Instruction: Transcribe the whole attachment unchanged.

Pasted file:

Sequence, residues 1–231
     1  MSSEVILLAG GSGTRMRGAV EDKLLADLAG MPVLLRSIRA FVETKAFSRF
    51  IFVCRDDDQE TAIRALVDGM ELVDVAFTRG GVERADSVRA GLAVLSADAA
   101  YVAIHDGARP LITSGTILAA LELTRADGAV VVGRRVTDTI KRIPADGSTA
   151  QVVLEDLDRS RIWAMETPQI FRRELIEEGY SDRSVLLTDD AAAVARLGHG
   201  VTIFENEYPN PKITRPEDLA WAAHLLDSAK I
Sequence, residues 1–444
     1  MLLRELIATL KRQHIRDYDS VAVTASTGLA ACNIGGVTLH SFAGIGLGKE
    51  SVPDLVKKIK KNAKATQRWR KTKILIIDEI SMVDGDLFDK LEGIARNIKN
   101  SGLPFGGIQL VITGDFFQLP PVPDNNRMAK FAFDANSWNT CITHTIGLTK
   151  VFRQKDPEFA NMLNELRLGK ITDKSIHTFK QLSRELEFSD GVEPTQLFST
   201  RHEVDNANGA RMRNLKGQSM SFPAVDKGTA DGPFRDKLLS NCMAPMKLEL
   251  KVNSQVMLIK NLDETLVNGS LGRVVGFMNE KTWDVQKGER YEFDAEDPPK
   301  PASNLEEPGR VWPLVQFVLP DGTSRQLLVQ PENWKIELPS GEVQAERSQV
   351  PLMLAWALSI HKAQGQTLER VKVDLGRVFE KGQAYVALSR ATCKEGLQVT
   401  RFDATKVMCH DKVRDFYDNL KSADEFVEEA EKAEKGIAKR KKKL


Sequence, residues 1–231
     1  MSSEVILLAG GSGTRMRGAV EDKLLADLAG MPVLLRSIRA FVETKAFSRF
    51  IFVCRDDDQE TAIRALVDGM ELVDVAFTRG GVERADSVRA GLAVLSADAA
   101  YVAIHDGARP LITSGTILAA LELTRADGAV VVGRRVTDTI KRIPADGSTA
   151  QVVLEDLDRS RIWAMETPQI FRRELIEEGY SDRSVLLTDD AAAVARLGHG
   201  VTIFENEYPN PKITRPEDLA WAAHLLDSAK I
Sequence, residues 1–444
     1  MLLRELIATL KRQHIRDYDS VAVTASTGLA ACNIGGVTLH SFAGIGLGKE
    51  SVPDLVKKIK KNAKATQRWR KTKILIIDEI SMVDGDLFDK LEGIARNIKN
   101  SGLPFGGIQL VITGDFFQLP PVPDNNRMAK FAFDANSWNT CITHTIGLTK
   151  VFRQKDPEFA NMLNELRLGK ITDKSIHTFK QLSRELEFSD GVEPTQLFST
   201  RHEVDNANGA RMRNLKGQSM SFPAVDKGTA DGPFRDKLLS NCMAPMKLEL
   251  KVNSQVMLIK NLDETLVNGS LGRVVGFMNE KTWDVQKGER YEFDAEDPPK
   301  PASNLEEPGR VWPLVQFVLP DGTSRQLLVQ PENWKIELPS GEVQAERSQV
   351  PLMLAWALSI HKAQGQTLER VKVDLGRVFE KGQAYVALSR ATCKEGLQVT
   401  RFDATKVMCH DKVRDFYDNL KSADEFVEEA EKAEKGIAKR KKKL